Couldn't Keep His Curtain Up
Unable to wait for a much-ballyhooed ceremony, the new Big Tex, the rebuilt icon of the State Fair of Texas, was hurriedly unmasked on Thursday; call it a premature exhibition?
The unveiling was originally scheduled for Friday, September 27, in a presentation that promised the kind of pomp and circumstance a 60-foot talking puppet deserves. Anticipation was stoked by State Fair officials, who were eager to display the new Big Tex after the original burned in October 2012.
The State Fair described Big Tex's early reveal as a "premature birth."
But keeping the figure hidden proved to be a challenge, according to an email hastily released by the State Fair on Thursday, who blamed the wind, a curtain, tiny munchkins and an evil force out to foil Big Tex. Not really.
"Unfortunately the wind has picked up speed and is negatively impacting the curtain that has been hoisted in place to shield him from public view," said the release, which described it as a "premature birth."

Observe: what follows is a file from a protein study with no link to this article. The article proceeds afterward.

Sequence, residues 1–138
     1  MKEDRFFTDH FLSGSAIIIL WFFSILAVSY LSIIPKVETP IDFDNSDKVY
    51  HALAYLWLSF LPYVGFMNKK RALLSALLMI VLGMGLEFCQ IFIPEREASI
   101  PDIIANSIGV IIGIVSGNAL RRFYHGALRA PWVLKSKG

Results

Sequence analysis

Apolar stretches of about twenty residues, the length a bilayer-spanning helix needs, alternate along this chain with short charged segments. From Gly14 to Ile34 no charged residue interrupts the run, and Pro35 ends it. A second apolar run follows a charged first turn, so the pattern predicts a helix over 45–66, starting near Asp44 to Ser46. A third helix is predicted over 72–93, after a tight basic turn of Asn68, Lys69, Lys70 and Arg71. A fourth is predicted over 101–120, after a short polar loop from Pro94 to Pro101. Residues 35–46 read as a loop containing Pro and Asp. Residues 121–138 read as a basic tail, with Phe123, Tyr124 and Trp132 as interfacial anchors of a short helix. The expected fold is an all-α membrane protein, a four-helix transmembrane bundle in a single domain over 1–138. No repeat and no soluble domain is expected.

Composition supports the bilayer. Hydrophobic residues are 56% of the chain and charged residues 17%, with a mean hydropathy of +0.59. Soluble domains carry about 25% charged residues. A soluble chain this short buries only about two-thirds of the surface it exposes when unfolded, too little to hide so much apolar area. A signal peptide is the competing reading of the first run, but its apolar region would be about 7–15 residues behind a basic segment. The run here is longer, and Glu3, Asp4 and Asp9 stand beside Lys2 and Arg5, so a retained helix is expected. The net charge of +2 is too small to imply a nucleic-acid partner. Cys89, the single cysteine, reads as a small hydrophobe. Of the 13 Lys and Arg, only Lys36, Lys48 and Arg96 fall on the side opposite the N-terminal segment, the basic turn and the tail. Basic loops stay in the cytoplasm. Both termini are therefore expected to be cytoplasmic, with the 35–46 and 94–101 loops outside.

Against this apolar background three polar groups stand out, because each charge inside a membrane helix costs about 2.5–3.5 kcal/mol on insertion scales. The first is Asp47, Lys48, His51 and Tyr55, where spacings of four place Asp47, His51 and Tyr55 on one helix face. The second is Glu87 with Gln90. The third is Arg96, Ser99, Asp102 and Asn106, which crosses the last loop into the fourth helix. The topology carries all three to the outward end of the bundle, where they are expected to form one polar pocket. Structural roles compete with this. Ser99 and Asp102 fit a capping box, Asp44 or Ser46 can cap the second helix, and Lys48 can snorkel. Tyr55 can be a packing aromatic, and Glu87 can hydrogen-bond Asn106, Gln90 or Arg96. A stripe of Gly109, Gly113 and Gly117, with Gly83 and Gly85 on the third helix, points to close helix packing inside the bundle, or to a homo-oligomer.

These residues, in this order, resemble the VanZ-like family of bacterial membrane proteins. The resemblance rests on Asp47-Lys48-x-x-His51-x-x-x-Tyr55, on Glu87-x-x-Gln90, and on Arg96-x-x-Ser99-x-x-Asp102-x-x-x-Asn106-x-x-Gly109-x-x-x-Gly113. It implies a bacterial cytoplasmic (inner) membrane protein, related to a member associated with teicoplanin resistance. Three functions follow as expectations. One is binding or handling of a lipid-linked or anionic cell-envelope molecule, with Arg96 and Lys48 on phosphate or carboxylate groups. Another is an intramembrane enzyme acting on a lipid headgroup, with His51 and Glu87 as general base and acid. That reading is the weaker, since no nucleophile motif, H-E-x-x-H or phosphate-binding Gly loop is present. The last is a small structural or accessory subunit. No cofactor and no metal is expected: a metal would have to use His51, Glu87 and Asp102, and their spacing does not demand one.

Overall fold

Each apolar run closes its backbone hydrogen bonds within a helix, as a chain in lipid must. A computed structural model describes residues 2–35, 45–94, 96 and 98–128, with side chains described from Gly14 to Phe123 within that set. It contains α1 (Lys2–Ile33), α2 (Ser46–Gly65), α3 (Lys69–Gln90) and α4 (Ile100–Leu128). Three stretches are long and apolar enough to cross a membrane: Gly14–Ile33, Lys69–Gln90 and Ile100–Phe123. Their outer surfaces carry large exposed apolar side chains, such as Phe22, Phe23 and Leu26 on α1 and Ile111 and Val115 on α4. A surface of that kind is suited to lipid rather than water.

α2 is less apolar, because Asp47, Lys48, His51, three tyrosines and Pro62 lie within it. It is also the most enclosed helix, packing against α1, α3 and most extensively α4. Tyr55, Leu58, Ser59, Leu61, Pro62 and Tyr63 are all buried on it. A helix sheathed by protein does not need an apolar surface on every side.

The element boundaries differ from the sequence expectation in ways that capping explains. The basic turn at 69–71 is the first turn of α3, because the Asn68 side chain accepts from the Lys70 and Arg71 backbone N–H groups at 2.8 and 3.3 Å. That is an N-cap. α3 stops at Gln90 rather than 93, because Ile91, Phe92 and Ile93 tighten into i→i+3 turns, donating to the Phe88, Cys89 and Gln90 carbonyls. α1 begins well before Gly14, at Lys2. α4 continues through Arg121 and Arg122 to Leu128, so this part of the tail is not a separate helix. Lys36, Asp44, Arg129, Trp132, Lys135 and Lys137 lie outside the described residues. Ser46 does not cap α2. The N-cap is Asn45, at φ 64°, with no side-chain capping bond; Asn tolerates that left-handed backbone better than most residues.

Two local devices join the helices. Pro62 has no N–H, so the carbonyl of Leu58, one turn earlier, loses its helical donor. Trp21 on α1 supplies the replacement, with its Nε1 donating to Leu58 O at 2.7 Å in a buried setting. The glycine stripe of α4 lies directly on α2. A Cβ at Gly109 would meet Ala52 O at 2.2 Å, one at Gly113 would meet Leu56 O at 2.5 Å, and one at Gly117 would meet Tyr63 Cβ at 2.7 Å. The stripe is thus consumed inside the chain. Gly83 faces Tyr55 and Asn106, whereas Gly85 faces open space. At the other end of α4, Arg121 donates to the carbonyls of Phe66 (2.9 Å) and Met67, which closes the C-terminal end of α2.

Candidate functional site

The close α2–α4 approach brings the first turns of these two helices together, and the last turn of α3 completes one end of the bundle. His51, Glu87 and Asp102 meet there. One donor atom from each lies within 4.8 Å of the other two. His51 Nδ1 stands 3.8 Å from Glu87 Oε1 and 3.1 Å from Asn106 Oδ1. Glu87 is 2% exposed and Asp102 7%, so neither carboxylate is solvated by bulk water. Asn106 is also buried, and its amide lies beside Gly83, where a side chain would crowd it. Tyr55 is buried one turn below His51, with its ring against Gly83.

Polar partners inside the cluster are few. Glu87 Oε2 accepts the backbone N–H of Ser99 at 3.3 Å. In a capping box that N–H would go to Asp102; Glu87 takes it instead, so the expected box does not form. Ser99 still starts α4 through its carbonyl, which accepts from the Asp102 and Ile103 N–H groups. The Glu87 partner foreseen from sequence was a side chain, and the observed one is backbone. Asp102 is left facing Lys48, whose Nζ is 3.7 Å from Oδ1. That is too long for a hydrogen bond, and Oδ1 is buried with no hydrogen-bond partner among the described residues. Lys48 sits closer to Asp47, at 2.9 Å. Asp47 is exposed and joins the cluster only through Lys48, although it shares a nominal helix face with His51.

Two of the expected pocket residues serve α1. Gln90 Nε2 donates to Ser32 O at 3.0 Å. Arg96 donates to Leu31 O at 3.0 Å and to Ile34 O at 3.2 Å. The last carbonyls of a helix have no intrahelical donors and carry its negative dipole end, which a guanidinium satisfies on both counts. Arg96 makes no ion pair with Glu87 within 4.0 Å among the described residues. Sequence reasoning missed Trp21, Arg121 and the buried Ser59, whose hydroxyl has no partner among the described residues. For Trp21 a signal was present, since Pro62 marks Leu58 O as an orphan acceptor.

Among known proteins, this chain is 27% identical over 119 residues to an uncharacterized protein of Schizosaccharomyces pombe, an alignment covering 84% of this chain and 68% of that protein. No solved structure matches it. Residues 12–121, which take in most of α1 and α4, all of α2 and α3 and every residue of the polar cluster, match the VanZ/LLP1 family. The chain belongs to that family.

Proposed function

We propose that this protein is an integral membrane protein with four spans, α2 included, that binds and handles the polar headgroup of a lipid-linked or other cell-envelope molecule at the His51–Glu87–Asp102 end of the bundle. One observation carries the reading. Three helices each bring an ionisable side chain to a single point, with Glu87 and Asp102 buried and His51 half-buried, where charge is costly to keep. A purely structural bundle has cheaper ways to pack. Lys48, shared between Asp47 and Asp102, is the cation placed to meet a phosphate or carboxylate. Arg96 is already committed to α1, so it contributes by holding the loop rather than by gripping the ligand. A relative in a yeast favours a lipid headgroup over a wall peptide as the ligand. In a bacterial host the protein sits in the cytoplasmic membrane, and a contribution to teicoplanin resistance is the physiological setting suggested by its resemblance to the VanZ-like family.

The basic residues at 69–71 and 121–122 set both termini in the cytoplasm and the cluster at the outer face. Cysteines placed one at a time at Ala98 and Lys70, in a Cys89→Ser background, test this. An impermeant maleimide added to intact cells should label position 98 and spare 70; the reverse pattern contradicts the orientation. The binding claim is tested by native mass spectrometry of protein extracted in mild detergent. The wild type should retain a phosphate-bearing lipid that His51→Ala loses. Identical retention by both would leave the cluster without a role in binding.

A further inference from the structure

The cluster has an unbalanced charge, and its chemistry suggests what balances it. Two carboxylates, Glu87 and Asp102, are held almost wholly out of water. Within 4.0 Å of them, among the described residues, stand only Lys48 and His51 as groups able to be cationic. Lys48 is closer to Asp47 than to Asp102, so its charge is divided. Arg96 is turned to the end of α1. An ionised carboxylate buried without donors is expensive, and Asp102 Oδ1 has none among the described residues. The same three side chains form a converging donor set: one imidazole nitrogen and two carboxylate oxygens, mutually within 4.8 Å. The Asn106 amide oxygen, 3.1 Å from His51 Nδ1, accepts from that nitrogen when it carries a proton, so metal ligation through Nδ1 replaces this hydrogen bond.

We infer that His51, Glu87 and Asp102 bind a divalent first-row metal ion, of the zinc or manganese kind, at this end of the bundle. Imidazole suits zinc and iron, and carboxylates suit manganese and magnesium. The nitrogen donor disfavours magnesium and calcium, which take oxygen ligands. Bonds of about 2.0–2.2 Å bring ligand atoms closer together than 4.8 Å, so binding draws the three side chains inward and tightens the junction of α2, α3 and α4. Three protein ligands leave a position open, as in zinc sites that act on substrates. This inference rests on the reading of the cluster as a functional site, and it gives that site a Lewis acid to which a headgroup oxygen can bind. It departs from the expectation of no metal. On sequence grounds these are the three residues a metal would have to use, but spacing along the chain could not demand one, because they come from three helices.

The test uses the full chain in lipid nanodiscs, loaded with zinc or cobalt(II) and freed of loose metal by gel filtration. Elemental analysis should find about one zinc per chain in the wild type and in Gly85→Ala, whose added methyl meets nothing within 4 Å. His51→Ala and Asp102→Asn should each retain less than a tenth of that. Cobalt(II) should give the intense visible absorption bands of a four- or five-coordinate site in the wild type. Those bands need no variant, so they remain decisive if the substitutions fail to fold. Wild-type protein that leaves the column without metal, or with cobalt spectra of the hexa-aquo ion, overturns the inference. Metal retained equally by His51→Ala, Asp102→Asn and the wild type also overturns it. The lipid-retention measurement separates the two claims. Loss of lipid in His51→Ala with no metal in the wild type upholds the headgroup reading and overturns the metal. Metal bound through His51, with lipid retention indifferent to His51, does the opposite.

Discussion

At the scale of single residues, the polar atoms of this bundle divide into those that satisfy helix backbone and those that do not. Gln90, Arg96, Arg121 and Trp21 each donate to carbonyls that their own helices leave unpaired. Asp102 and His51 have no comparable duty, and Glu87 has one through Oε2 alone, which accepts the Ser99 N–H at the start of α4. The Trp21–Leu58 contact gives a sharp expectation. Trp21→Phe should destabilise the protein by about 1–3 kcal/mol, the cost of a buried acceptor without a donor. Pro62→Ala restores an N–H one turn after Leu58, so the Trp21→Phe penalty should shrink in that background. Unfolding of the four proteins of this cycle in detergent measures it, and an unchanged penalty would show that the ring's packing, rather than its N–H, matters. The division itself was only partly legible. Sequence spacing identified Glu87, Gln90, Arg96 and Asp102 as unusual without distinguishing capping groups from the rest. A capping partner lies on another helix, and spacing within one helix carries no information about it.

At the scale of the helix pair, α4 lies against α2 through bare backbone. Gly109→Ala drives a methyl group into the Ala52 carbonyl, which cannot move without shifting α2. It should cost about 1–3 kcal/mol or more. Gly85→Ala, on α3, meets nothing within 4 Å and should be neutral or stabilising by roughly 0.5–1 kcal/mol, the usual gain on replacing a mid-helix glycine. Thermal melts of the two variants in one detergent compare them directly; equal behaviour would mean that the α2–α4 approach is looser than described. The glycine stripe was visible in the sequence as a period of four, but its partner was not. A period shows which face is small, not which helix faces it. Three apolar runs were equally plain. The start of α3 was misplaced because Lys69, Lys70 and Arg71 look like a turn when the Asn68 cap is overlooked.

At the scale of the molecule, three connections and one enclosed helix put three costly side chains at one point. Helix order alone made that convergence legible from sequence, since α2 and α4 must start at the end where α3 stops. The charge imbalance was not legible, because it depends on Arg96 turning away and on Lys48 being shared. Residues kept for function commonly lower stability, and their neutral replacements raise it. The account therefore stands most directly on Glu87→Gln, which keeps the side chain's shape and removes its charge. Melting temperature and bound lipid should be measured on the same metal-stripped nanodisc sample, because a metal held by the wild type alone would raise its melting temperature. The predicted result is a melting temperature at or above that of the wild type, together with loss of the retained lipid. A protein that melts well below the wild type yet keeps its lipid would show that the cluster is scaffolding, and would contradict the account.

According to fair spokesperson Sue Gooding, the original plan entailed Big Tex, completely surrounded by a hazy curtain, dropping at 2 pm on the dot with trumpets and great fanfare. A visit to the fair grounds on Wednesday saw the "Big Tex Circle" podium surrounded by scaffolding and cranes. "We had it planned that two cranes would hold it in place," Gooding says.
As for the new Big Tex, he has a more independent streak. And, well, how do we say this? He's gained some weight.
"He is self-supporting now — unlike the old Big Tex, he does not have guide wires," Gooding says. "And when he left, he was a little less than 6,000 pounds. But he came back 25,000 pounds. He weighs a lot more than when he left."